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Students raise the curtain on new drama club
Feb16

Students raise the curtain on new drama club

The Crusader Company is one of the newest organizations on campus and was formed in the fall semester of 2015. The club hopes to help students prepare for work in show business. Whether students have experience or not, the club accepts them all. “We wanted to make the club because there was no drama club on campus,” said Danielle East, the club’s president. The purpose of Crusader Company is to help students gain knowledge of everything that would happen onstage or backstage, like using props, making costumes, creating a scene, and acting. The club will host workshops this semester to help students improve in a certain area and rehearse for upcoming plays. Club sponsor and supervisor Kathy Owens said the organization is a way for those interested in theatre to get their feet wet. “It will introduce them to the various tasks that theatre production require,” Owens said. “It will also allow like-minded individuals to bond over their shared love of theatre.” Owens likes the potential of the organization,” “It has the potential to be a wonderful force on campus,”she said. There will be many events this spring semester in which students can get involved. For their February fundraiser, the organization will be selling chocolate covered strawberries (two for a dollar) in the first floor of Bawcom on Friday, Feb. 12. The club will also be partnering with ROTC in March for a unique service project. Members of Crusader Company will pose as civilians, leaders, and military personnel during a training exercise put on by the ROTC. The opposing forces (played by the Crusader Company members) and the ROTC members will both be armed with paintball guns to simulate combat. The organization also plans to perform a small play for students and the community sometime during the semester. With the organization continuing to gain recognition, East said she has realized the need for such a club on campus. “I like how [Crusader Company] has gained a lot of feedback about how an organization like it needs to be on campus,” East said. The organization is currently meeting every other Monday in the Baugh Center for Visual Arts at 8...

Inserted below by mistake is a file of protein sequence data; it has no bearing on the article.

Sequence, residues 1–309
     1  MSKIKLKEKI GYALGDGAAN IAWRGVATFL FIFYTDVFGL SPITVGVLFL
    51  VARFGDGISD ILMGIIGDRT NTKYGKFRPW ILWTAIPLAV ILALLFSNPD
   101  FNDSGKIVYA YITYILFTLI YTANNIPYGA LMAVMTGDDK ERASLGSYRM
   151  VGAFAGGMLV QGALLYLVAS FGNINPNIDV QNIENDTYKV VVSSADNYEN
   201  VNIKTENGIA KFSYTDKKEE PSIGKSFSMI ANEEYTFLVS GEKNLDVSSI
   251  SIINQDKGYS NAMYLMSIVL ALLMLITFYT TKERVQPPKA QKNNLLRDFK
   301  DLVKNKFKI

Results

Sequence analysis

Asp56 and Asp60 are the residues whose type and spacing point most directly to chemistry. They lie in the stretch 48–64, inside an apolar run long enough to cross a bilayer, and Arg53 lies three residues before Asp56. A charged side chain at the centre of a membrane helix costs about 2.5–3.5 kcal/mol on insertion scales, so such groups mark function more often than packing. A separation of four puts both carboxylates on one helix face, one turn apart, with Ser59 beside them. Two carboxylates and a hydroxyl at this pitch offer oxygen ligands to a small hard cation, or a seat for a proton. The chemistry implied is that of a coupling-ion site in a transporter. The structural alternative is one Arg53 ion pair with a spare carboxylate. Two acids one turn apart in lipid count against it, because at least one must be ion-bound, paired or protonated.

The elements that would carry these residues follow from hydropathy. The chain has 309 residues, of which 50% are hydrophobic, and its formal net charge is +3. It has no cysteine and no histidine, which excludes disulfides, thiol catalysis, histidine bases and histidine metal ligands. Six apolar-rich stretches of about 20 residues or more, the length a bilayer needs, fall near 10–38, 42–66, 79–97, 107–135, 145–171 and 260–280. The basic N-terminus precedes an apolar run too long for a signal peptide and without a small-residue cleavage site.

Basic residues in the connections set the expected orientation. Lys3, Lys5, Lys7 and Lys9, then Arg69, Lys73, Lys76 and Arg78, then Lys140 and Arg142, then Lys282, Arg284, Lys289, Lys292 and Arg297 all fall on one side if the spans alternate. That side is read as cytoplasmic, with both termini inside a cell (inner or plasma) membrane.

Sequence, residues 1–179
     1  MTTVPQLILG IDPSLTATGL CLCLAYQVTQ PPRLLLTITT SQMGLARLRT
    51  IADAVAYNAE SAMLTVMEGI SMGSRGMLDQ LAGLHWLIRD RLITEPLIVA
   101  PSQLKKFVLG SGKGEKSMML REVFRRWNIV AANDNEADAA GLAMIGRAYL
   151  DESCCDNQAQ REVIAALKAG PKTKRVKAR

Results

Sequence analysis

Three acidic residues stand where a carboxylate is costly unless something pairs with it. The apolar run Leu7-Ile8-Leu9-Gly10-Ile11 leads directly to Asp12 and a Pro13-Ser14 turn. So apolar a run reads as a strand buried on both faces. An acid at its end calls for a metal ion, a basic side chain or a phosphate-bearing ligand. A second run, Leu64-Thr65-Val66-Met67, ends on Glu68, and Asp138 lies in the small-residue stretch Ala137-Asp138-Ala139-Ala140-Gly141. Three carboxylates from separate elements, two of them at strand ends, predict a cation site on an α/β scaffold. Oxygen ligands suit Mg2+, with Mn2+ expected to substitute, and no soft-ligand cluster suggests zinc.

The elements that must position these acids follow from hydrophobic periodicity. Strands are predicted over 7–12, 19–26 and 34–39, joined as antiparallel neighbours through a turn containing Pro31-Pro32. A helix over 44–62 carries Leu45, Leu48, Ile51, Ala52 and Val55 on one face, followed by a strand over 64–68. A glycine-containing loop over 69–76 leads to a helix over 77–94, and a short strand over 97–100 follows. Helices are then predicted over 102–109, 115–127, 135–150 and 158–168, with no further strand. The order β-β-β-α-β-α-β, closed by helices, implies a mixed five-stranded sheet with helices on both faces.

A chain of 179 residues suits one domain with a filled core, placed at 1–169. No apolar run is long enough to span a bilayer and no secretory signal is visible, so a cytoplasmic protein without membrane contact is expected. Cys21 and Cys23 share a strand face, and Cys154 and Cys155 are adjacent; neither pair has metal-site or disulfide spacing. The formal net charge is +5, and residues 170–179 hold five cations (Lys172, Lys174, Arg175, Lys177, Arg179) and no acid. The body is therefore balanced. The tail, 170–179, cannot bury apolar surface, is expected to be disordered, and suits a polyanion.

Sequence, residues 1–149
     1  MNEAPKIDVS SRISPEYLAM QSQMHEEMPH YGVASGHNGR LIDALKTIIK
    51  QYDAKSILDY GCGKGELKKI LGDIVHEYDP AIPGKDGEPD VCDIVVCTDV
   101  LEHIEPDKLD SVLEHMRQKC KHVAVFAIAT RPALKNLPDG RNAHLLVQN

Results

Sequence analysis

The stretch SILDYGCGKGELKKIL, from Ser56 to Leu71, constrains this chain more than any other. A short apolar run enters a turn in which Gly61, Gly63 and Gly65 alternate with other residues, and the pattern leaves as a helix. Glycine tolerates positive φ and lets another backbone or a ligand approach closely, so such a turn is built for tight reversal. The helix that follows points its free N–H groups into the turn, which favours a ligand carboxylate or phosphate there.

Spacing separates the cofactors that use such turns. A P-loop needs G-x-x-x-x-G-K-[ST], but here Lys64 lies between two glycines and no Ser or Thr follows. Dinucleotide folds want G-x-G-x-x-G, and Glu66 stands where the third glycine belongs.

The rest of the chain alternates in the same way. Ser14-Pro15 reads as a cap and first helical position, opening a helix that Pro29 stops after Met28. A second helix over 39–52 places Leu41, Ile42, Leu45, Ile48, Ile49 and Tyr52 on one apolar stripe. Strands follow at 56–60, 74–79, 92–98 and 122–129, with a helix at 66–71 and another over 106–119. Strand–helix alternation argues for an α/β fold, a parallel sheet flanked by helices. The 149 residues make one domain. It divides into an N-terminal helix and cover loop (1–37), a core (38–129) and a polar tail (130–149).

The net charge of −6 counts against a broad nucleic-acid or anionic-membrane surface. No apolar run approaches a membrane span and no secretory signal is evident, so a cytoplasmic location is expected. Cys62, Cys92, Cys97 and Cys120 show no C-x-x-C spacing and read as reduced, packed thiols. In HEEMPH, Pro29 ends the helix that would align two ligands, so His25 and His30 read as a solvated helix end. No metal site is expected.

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Helping Hands offers hope to Bell County
Feb16

Helping Hands offers hope to Bell County